Monday, November 22, 2004

How to Dismantle an Atomic Bomb

The stores in PJ say U2’s latest album How To Dismantle an Atomic Bomb would only be available Wednesday. I don’t know what is it about Bono, The Edge, and co that’s gotten a hold on me. Maybe ever since Joshua Tree which was really the first U2 album I heard. Of course, reading about the band’s purported Christian roots back in IVP’s now defunct campus magazine HIS didn’t hurt their image as the world’s greatest rock ‘n roll band, although that title was a little slow in sticking - then.

The November issue of UNCUT had Bono on the cover titled, Dancing With The Devil and a track-by-track preview of U2’s long awaited album. Written by Steven Dalton whose previously bad reviews of U2’s Zoo TV tour in 1993 earned him Bono’s ire, the writer has evidently repented judging by his obvious veneration. But what caught my eye was Dalton’s opening paragraphs which referenced how far U2 has come through the years:
“When it began, they were painfully sincere Christian rockers saving mankind from sinful temptation. Now they are wealth-flaunting, model-shagging, leather-clad space lizards drunk on their own narcissism and hypocrisy.

Bono tries to change the channel but it makes no difference. On every station across a million TV screens, he finds only his own demonically grinning face. Satan’s very own spin doctor, cackling insanely as the flames rise up to consume him…”
"Painfully sincere Christian rockers?" Hmm.

1993 was also the year Bono introduced his audience and listeners to MacPhisto, his horned onstage alter ego. But Bono is not just your regular rock poseur. The thinking man’s rocker, the band with a conscience - respect Bono and U2 have earned after they leveraged their fame in newfound celebrity activism. Bono’s DATA (Debt, Aids, Trade, for Africa) has made headlines and put him on the cover of TIME (“Can Bono Save The World?”). Not to mention Christianity Today.

Like some kind of Faustian exchange, U2’s transformation was just a tad too hard to swallow to those who thought they had the band all figured out. Are they Christian? Hey, what’s with the excess? Have they sold out? Does it matter? There’s Bono, whom we were told, who lugs a dog-eared copy of Eugene Peterson’s The Message everywhere he goes. Is this what fame does to you?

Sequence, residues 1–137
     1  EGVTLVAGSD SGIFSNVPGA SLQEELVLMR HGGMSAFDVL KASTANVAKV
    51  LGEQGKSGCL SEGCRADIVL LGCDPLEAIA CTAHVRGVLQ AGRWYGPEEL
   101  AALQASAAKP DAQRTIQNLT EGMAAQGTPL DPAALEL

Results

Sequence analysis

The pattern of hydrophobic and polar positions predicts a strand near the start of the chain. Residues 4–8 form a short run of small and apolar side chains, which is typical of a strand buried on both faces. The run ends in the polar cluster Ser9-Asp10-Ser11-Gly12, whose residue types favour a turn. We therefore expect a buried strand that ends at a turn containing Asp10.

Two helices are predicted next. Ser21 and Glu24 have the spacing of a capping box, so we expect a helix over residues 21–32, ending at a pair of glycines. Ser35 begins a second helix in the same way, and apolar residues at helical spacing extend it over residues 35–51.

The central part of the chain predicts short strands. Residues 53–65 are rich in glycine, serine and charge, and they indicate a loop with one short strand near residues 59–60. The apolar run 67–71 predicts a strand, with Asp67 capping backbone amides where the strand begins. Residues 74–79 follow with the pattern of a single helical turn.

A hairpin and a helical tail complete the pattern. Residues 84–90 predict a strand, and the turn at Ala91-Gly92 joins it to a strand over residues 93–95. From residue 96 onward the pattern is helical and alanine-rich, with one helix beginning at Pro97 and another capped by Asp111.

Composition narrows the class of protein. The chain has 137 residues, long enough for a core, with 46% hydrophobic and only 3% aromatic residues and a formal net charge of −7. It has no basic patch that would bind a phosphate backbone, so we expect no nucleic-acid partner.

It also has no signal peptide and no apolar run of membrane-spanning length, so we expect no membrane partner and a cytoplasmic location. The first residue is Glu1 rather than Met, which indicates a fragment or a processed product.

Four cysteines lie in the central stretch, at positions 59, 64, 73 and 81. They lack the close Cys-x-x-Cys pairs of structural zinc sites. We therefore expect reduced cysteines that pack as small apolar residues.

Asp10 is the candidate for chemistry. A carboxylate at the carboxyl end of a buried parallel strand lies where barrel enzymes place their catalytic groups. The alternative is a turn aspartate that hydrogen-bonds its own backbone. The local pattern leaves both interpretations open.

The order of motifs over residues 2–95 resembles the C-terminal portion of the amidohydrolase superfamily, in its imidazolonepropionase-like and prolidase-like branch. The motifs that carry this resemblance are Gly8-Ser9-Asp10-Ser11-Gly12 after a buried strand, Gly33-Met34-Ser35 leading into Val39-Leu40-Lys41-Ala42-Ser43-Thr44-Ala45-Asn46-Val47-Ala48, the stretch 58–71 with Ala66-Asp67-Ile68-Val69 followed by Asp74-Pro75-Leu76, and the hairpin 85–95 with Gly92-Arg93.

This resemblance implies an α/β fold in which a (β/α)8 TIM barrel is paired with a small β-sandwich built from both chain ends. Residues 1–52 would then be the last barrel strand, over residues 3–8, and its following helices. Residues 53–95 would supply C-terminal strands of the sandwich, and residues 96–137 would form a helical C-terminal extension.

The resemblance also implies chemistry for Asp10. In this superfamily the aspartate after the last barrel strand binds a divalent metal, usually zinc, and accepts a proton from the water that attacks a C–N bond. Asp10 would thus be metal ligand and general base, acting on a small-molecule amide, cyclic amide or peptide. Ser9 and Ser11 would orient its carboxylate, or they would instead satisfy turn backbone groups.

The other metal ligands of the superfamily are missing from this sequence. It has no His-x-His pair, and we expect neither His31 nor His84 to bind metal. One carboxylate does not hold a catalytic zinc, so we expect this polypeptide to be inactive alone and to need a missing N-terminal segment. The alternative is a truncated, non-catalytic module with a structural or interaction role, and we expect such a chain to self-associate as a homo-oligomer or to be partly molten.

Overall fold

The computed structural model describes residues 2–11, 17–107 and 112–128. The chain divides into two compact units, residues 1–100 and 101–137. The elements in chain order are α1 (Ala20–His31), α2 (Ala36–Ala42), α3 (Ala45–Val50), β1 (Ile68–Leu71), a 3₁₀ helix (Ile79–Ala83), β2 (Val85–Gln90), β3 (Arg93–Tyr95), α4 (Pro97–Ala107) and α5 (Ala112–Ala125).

In a Rolling Stone interview in the early 90s regarding his stage persona Bono said, "People thought we were just mocking rock ‘n roll stardom and all that, but I was just owning up to it. I was owning up to the side of yourself that is a megalomaniac."

Then you read Anthony DeCurtis’ interview with Bono and the singer declares, "The most powerful idea that's entered the world in the last few thousand years—the idea of grace—is the reason I would like to be a Christian." (More on the interview here).

There’s a kind of face-off with the claims that Jesus makes and the way Christianity is expressed. It’s a tension we all live with. For some, the dichotomy is reason enough to throw in the towel and walk away in disgust. There's a lot of things wrong with the church, with the way christians live, etc. Sure, there's a lot of hypocrisy, yet I don't know if that says more about human nature than the veracity of the Christian faith. The thing is, whatever its incarnation, truth is never easy to handle, because it invariably makes demands. If God exists, the greatest challenge is dealing with His claim on us. On me.

It's not my business to ask if Bono’s a Christian. I think what draws me to Bono and U2 are the questions they raise. Of course, and the music they make. Great music, like art is born out of deep tension, a yearning for something more that defies our materialist perception of reality, a need that requires expression, nay, satisfaction. Hence the rage - for truth, justice, love, beauty. Perhaps it's like what C.S. Lewis wrote:"If I find in myself a desire which no experience in this world can satisfy, the most probable explanation is that I was made for another world."

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